Flexibility’ in the agriculture negotiations

Diplo­mats in Gene­va are attempt­ing to come up with a com­mon posi­tion on the most difficult—but most important—issue in reform of agri­cul­tur­al trade poli­cies: improv­ing access to high­ly pro­tect­ed agri­cul­tur­al mar­kets. Unfor­tu­nate­ly, they are con­coct­ing a ter­ri­ble mess of ‘option­al’ and’band­ed’ tar­iff cuts that is so filled with incom­pre­hen­si­ble options that it is mov­ing away from the basic ratio­nale of mul­ti­lat­er­al trade lib­er­al­iza­tion.  The texts mak­ing their way around the room are almost inde­ci­pher­able: col­lec­tions of square-brack­et­ted ‘cas­cades’ of cuts to dif­fer­ent bands of tar­iffs. ‘Bands’ are defined by the ad-val­orem per­cent­age inci­dence of the duty. The cuts are defined as # a series of Swiss formula[1] cuts or
# (alter­na­tive­ly) a com­bi­na­tion of Swiss for­mu­la + ‘straight’ lin­ear cut + an expan­sion of the tar­iff-quo­ta ‘win­dow’ for entry of goods at a min­i­mal in-quo­ta tar­iff rate, or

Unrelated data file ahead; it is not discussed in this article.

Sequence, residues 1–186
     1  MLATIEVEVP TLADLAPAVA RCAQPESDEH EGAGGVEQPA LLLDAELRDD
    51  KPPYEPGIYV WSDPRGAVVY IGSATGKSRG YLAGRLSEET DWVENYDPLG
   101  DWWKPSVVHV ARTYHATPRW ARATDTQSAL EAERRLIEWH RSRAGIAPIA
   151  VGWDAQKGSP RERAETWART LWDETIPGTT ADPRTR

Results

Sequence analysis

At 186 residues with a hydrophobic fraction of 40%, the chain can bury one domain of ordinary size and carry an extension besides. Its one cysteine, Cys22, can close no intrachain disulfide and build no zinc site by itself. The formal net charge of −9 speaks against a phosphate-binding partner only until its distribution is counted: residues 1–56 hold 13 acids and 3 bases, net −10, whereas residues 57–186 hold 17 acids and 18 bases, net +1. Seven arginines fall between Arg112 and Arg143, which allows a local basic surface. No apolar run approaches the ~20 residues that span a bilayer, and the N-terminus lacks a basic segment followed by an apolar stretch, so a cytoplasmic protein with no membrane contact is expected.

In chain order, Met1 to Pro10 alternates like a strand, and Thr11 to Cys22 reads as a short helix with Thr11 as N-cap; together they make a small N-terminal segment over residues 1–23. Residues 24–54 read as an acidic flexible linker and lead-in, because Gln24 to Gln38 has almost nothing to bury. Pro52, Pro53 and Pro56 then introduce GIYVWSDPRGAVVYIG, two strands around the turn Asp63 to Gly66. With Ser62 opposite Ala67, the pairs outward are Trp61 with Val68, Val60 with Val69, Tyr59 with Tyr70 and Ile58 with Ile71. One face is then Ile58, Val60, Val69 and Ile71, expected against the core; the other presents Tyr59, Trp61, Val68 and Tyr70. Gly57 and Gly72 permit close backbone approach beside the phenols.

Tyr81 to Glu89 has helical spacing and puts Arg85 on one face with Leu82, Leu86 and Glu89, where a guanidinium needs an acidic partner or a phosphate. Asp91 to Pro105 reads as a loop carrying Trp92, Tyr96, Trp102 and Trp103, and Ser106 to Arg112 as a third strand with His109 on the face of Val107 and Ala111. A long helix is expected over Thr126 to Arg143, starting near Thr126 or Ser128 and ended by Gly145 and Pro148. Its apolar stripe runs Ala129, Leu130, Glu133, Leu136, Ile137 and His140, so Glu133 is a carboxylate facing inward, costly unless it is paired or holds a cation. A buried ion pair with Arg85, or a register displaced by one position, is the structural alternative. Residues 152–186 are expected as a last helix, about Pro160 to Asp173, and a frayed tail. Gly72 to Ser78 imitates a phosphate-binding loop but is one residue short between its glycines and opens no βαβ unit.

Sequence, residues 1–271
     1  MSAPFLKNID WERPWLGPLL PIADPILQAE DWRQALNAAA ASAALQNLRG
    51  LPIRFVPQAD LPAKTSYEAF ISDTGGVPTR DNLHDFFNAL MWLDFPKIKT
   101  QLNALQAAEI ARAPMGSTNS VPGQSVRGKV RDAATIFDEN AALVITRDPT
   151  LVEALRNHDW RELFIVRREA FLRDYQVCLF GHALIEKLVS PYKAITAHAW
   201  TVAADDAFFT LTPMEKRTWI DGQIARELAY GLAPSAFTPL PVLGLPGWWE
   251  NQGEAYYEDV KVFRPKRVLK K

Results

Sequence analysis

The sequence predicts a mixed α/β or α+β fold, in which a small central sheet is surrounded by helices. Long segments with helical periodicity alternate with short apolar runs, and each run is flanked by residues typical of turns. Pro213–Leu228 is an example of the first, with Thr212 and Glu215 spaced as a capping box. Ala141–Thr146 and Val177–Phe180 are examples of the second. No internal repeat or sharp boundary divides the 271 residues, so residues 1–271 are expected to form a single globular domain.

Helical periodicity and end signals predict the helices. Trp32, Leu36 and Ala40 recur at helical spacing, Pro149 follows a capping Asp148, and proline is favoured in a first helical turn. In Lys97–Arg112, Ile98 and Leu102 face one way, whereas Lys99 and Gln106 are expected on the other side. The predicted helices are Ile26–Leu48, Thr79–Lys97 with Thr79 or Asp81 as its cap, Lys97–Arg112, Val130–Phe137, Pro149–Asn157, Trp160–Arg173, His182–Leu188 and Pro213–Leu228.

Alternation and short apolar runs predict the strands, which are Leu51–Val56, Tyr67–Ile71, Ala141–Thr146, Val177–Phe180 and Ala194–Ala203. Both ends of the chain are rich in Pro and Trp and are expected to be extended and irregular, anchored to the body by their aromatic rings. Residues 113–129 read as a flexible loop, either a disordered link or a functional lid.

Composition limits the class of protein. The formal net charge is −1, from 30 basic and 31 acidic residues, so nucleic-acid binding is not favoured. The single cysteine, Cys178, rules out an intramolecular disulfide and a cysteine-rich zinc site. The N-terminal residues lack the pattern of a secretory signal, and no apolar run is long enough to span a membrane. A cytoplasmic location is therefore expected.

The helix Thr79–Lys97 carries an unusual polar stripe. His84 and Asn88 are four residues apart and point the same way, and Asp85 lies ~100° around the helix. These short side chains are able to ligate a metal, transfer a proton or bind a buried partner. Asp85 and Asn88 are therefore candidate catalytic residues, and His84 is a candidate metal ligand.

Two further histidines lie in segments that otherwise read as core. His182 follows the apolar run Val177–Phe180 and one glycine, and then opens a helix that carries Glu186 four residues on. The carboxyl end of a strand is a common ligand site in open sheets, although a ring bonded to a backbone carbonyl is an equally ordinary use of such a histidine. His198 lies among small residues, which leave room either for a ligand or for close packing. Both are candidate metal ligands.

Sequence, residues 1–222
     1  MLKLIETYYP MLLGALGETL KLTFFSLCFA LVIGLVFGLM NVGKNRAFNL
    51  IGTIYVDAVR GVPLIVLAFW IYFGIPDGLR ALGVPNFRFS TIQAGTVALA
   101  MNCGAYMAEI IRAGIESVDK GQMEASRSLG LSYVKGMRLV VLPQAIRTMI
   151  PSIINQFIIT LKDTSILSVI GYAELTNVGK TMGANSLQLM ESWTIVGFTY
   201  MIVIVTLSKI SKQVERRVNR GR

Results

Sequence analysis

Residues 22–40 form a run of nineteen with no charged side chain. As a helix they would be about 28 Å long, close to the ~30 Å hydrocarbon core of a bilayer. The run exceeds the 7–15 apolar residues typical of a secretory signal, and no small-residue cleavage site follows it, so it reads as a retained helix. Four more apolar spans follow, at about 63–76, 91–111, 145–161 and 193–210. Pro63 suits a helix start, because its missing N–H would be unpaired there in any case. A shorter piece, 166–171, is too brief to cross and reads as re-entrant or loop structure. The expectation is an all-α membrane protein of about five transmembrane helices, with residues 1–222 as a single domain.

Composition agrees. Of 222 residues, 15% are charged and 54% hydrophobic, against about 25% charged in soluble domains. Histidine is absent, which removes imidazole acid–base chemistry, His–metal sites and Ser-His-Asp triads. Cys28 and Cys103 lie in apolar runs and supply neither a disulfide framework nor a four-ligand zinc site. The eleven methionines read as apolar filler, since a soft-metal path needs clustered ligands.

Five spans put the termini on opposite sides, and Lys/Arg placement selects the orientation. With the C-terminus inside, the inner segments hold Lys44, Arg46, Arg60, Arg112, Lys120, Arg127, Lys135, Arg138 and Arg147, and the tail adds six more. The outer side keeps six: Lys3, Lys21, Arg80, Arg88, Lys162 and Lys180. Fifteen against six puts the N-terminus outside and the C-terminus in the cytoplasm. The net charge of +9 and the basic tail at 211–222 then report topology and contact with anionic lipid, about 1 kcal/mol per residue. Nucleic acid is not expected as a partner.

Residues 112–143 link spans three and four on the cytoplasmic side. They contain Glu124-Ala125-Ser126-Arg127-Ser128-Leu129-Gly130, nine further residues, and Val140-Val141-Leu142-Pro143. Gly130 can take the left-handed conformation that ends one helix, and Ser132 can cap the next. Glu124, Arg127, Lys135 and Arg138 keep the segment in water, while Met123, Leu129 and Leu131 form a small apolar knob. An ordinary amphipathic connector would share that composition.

# (option­al­ly for a ‘lim­it­ed num­ber of sen­si­tive tar­iff lines&#8217)no cut in the bound tar­iff but a larg­er tar­iff-quo­ta expan­sion than in (2) This ‘flex­i­bil­i­ty’ in the appli­ca­tion of tar­iff cut­ting for­mu­lae may apply either to the tar­iff as a whole or to dif­fer­ent ‘bands’ of tar­iffs in dif­fer­ent ways. Fur­ther­more, devel­op­ing coun­tries will have dif­fer­ent (low­er) co-effi­cients of cut both in the ‘straight’ cut and in the Swiss for­mu­la cuts. The also have addi­tion­al ‘flex­i­bil­i­ty’ in the use of ‘spe­cial prod­uct’ cat­e­gories that may be exempt­ed from mar­ket access cuts alto­geth­er, plus a ‘spe­cial safe­guard mech­a­nism’ that will, pre­sum­ably, amount to the same thing on an ‘as need­ed’ basis. This scholas­tic craft­ing of ‘flex­i­bil­i­ty’ is a neu­ro­sis. The GATT and WTO rounds of trade lib­er­al­iza­tion serve an impor­tant polit­i­cal need, not an eco­nom­ic one. A frame­work of simul­ta­ne­ous, rec­i­p­ro­cal, pre­dictable cuts in import bar­ri­ers by all Mem­ber economies enables gov­ern­ments to coop­er­ate to reduce pro­tec­tion in the face of domes­tic inter­ests that oppose open­ing mar­kets to import com­pe­ti­tion. Unless there is a clear sense of bal­anced “give and take” in the exchanges on mar­ket access, the WTO nego­ti­a­tions lose their attrac­tion. That is pre­cise­ly what is hap­pen­ing, now, in Gene­va. The ‘band­ed’ for­mu­la pro­pos­als are far too com­plex to allow any Mem­ber to read­i­ly assess their impact on the tar­iffs of its trad­ing part­ners. They there­fore don’t pro­vide the sort of pri­ma facie rec­i­p­ro­cal frame­work that is the only rea­son for engag­ing in mul­ti­lat­er­al trade liberalization—as opposed to cut­ting your own tar­iffs in your own time and at your own pace as domes­tic cir­cum­stances demand, or allow. Of course, the nego­tia­tors’ polit­i­cal mas­ters, the Trade Min­is­ters, should have tak­en the helm by now and put an end to this tai­lor­ing of fin­er and fin­er options for ‘flex­i­bil­i­ty’. But, as was evi­dent at Can­cún, they have not the stom­ach to do so. The best cur­rent guide to the debate is prob­a­bly the “briefing”:http://c.moreover.com/click/here.pl?r169217851 from ITCSD. They have also pro­duced an excel­lent back­ground guide to the bewil­der­ing dif­fer­ences between dif­fer­ent groups in the nego­ti­a­tions; avail­able “here”:http://www.agtradepolicy.org/output/resource/agriculturenegotiations11.pdf in PDF for­mat. fn1. A ‘Swiss’ for­mu­la—not a Swiss pro­pos­al in this negotiation—is the appli­ca­tion to each ad-val­orem tar­iff of a pro­por­tion­al cut in which the pro­por­tion is greater the high­er the ini­tial tar­iff rate. This means high tar­iffs are cut by more than low tariffs.

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